Module Layout Guidelines

If you would like some help on best practice for laying out your Moodle pages, please make yourself familiar with the following “Do’s and Dont’s List”.

Essential Course Content
Each course must include the following content:

  • Names and full profiles of instructors, tutors and module leaders along with updated contact details and hours of availability.
  • A brief, friendly introduction to the module or programme, including details from the module outline.
  • A clear explanation of what students can expect and what is expected of them to fully engage with the module’s face-to-face and
    online components.
Resources and Activities
noDon’t use meaningless resource and activity names.

  • Your students will not know what the resource or activity is for and why they should open it.
  • It will make it difficult for them to find the individual item they are searching for.


Use names that tell the student what the resource is and how they should interact with it.

Use action names. For example: “Download the assignment notes”, “Join the discussion in the data forum” and “Submit your research proposal”.
Keep resource/activity names unambiguous and short.




noDon’t create long lists of resources bp_03


Use indent, folders and labels to make the information flow clearer.

  • If you have a number of resources and activities that belong together consider indenting. This allows students to see at a glance which items are related.
  • Use a folder resource when you have multiple files that need to be grouped together. This avoids cluttering up your course section with a long list of files.



Using Text

Don’t fill your module homepage with a block of text.

  • Dense blocks of text intimidate the reader and create a poor first impression.
  • It is also difficult to read for students with low vision, dyslexia, autism or other reading disabilities.

Don’t use uninformative links or headings i.e. Click here. 



  • Use a simple, readable font and font size.
  • Use simple sentences and bullets to break text.
  • Align text to the left.
  • Keep paragraphs short.
  • Use the page resource to create links to further information.
  • Using the Page resource will allow you to place detailed information on a web page and create a link that can be visited separately.
  • Write descriptive headings and links i.e. Campus map.
Text Decoration

  • Do not use animated or flashing text. This is distracting and difficult to read.
  • Avoid using italics.  Italic text can be challenging to read on the screen.
  • Do not overuse bold text. This should be used sparingly for emphasis.
  • Do not underline text. Underlining should be reserved for hyperlinks.
  • Do not write in capitals. This will be difficult to read for students with visual impairments or reading disabilities.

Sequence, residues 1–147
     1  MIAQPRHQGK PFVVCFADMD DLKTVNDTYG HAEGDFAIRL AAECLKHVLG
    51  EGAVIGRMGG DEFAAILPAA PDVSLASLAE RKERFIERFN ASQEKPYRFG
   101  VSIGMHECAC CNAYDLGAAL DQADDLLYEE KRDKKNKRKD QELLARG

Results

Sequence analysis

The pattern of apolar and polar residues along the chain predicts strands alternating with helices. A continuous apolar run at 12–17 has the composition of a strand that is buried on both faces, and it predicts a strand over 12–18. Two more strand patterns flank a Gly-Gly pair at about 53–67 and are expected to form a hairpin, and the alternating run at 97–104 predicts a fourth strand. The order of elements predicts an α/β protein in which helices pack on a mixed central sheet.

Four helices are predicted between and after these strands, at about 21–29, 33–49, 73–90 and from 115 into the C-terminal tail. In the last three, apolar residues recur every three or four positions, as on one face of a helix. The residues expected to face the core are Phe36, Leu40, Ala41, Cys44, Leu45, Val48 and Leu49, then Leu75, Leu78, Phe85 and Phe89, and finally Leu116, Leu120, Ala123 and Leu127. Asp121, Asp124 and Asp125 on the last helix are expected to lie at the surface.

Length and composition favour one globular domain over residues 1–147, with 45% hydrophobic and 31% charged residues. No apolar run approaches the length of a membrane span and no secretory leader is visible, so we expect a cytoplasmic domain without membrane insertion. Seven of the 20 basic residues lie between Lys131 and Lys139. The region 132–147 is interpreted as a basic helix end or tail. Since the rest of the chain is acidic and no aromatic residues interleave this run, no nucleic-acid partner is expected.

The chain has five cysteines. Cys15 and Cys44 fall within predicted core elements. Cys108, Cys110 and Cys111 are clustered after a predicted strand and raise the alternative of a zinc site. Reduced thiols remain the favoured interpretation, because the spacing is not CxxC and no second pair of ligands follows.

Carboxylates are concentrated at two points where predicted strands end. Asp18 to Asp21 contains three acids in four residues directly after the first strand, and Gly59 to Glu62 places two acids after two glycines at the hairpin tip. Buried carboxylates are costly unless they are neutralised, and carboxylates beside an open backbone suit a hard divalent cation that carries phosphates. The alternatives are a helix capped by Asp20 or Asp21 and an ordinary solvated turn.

• Do not add background colour to text. This will clash with the theme and will be difficult to read, particularly for students with visual impairments.
  • Avoid using colour as the sole means to convey information or meaning.
Make use of headings and lists.

  • Clear headings will help draw the student’s attention to important information.
  • Use headings and sub-headings to break up content.
  • Use bulleted lists can make your points stand out and break up information into retainable chunks. Ensure that these lists are short (5-10 items).
Using Images

  • Do not use low-quality images
  • Do not use excessively large images
  • Do not use flashing graphics.
  • Do not use images with high colour contrast.

A low-quality image will appear pixelated and unclear. Ugly scroll-bars will be generated to allow the student to view an overlarge image.


Images that flash or that have a high colour contrast will be distracting and will not be accessible to students with visual impairments.

  • Do be aware of copyright and ensure you have agreed rights with the image copyright holder, the image has a suitable fair use or Creative Commons
    ( licence, or you or the university own the rights.
  • Use images and diagrams to support text. This is useful for students that have reading or cognitive disabilities.
  • Include alternative text to every image for accessibility. The alternative text should be a concise description of the information conveyed by the image. This is also crucial for screen readers.
Using Videos
no Having too many embedded videos in your Moodle page looks untidy and can cause your homepage to load slowly.


  • Use links to multiple videos. Using links for multiple videos will improve page load times and appearance. It will also give your student the choice of when to view each video.
  • Provide captions or transcripts for videos. Not only will this be helpful for students with hearing disabilities, but it will also be useful for students with cognitive impairments or for students with English not being their first language.
Further Help
The information contained in this document is by no means exhaustive. To get the best out of Moodle, we recommend contacting the GLT Quality Enhancement Team  for pedagogical advice.


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